Midwest Energy News: Critics say Michigan utility aims to ‘monopolize’ community solar

Michigan’s first proposed large-scale community solar program is coming under fire from clean-energy advocates who say it would prevent independent third parties from developing their own programs.

Within the next month, the Michigan Public Service Commission is expected to rule on Consumers Energy’sproposed 10 MW community solar pilot program, which would be the first program of its kind from one of the two major investor-owned utilities here. Smaller-scale projects are underway or in development elsewhere in the state.

But a group of clean-energy advocacy groups have intervened in the case before the MPSC, claiming that Consumers’ proposal would “monopolize” the community solar market, as the utility seeks to prevent independent third parties from developing projects within its service territory.

The utility disputes this point, saying third parties are allowed to develop projects within the program as long as they enter into power-purchase agreements with Consumers.

Further, advocates have raised concerns about the way Consumers has determined a value of solar, a contentious undertaking in other states where utilities and consumer advocates have argued over how much solar users should be compensated for generating the energy. Critics of the plan say Consumers is undervaluing customers’ investments.

The solar coalition — made up of the Environmental Law and Policy Center, the Ecology Center and the Great Lakes Renewable Energy Association — also says the utility is missing opportunities for strategic site planning, which could include contaminated brownfield properties around the state.

Brad Klein, staff attorney with the Chicago-based ELPC, said shutting out third parties is a “major issue.”

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Midwest Energy News: Can better utility planning replace clean-energy standards?

A key component of energy proposals emerging from the Michigan legislature is that more robust long-term planning requirements for utilities can effectively replace renewable energy and efficiency standards.

Known as Integrated Resource Plans, Republicans in the House and Senate say requiring utilities to file these every three to five years will produce the most cost-effective resource mix into the future, eliminating the need for meeting goals under a renewable portfolio or energy efficiency mandate.

Formal IRPs are required in 28 states and come in various forms. Typically they are filed every two to five years and forecasts of supply, demand and other market factors can stretch upwards of 20 years.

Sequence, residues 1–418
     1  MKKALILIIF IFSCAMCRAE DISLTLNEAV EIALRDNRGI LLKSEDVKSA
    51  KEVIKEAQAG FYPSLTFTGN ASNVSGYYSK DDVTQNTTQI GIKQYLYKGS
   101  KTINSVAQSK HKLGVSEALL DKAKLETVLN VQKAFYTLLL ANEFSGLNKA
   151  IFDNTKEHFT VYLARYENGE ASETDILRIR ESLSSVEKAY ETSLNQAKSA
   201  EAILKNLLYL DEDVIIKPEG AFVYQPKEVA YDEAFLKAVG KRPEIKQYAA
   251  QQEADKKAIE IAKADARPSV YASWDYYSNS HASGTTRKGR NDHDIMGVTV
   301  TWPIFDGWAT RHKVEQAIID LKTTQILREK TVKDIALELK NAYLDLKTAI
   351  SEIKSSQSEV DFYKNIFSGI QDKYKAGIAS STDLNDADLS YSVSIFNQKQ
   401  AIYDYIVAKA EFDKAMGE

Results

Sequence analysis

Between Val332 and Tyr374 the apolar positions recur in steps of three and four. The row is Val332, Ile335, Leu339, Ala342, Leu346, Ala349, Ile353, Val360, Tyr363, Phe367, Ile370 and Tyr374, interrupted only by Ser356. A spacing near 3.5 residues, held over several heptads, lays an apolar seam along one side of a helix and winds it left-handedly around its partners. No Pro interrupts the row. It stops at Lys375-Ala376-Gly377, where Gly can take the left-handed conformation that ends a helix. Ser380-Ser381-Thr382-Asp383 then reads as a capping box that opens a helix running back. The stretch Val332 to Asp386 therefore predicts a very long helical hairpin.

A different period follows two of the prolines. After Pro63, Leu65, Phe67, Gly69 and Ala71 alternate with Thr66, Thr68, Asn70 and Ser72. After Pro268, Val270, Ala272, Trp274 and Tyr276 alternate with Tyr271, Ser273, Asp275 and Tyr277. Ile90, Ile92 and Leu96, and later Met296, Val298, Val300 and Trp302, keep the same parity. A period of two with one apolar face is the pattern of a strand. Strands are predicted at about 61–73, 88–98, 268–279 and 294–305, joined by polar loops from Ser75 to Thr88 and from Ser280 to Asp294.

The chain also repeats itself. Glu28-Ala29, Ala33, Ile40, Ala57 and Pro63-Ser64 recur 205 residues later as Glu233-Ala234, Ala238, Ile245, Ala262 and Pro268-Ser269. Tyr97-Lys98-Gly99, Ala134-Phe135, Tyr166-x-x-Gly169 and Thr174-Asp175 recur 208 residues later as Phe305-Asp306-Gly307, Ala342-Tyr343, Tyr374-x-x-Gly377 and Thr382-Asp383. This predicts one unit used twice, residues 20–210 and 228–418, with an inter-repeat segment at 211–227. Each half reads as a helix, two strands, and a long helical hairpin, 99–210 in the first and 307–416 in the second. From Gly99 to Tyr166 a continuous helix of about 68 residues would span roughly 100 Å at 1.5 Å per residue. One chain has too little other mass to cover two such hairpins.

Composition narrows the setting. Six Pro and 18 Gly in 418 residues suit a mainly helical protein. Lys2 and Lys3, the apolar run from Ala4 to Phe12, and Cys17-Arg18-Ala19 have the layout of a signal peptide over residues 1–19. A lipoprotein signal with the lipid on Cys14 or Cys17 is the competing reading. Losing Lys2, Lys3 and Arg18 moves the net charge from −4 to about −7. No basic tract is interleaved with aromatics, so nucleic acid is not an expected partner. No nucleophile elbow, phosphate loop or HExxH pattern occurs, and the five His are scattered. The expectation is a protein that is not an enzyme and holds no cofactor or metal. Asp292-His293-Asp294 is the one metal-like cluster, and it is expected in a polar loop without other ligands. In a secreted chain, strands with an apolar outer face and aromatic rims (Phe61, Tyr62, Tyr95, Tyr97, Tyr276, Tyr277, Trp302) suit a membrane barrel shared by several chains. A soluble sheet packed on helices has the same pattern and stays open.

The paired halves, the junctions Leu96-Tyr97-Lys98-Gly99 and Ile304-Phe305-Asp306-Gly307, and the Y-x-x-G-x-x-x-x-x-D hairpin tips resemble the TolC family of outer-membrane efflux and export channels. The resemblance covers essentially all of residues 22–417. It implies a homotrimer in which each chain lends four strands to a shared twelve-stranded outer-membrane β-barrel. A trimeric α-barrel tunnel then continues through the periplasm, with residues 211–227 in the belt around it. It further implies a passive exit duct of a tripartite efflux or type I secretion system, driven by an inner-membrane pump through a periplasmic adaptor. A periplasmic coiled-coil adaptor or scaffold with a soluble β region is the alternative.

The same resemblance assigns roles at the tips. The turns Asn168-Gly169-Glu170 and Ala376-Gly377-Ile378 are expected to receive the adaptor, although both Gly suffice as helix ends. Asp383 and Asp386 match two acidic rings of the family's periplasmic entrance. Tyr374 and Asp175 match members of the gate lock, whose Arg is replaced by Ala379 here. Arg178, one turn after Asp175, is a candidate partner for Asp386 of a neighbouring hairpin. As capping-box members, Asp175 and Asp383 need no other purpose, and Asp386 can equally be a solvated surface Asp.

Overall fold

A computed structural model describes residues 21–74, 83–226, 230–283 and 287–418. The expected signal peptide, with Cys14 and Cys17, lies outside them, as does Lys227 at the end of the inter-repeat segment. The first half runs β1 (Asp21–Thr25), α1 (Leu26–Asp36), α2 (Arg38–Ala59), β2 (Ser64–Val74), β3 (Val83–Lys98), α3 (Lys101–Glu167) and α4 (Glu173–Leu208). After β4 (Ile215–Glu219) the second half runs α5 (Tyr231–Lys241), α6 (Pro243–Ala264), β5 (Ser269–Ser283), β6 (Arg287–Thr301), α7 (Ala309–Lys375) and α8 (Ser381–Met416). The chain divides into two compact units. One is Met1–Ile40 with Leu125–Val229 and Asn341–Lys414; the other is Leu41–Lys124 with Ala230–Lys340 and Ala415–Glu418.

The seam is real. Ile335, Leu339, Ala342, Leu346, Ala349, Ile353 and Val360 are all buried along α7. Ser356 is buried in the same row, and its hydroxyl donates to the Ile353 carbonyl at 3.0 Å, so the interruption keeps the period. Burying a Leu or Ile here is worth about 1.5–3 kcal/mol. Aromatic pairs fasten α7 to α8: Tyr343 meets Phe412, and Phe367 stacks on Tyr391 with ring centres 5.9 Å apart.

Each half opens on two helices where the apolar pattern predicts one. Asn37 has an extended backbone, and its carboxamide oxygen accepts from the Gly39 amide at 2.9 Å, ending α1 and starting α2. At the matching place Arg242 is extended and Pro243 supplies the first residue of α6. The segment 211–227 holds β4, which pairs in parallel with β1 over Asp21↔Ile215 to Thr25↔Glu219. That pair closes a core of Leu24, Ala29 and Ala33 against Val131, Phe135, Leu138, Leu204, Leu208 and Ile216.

While experts who follow clean-energy policies say such planning can be helpful in outlining long-term needs for utilities, some argue that — if the goal is expanding renewables or energy efficiency — IRPs are unable to produce the same results as clearly defined standards. Moreover, they are liable to become esoteric exercises in utility planning.

“It’s pretty apparent to those of us keeping a close eye on these types of things that an IRP process is not a substitute for renewable energy and energy efficiency standards,” said Sam Gomberg, Midwest energy analyst for the Union of Concerned Scientists.

“Standards really provide a tremendous amount of certainty of both utilities and the state to ensure these resources are brought online to a significant degree. The evidence is so clear that not only is it cost effective, but they also bring a lot of benefits to the ratepayer. An IRP can be a great complement to those standards.”

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WBEZ: Great Lakes Pollution Symposium

Last August a toxic algae bloom in Lake Erie temporarily shut down Toledo, Ohio’s water source leaving questions about the long term viability of that source of water for about 400,000 people. This was fueled not only by warm temperatures but nutrient rich runoff. Nutrient pollution has recently been connected to adverse impacts for ecological and economic systems across the Great Lakes Region. A two-day symposium in Chicago is examining the current state of nutrient management in the Great Lakes, what policies are working and how stakeholders can work towards solutions. Aquatic Ecologist Nancy Tuchman and Gail Hesse of the Ohio Lake Erie Commission sift through some of these issues.

Toledo Blade: EPA official notes planes scan for farm violations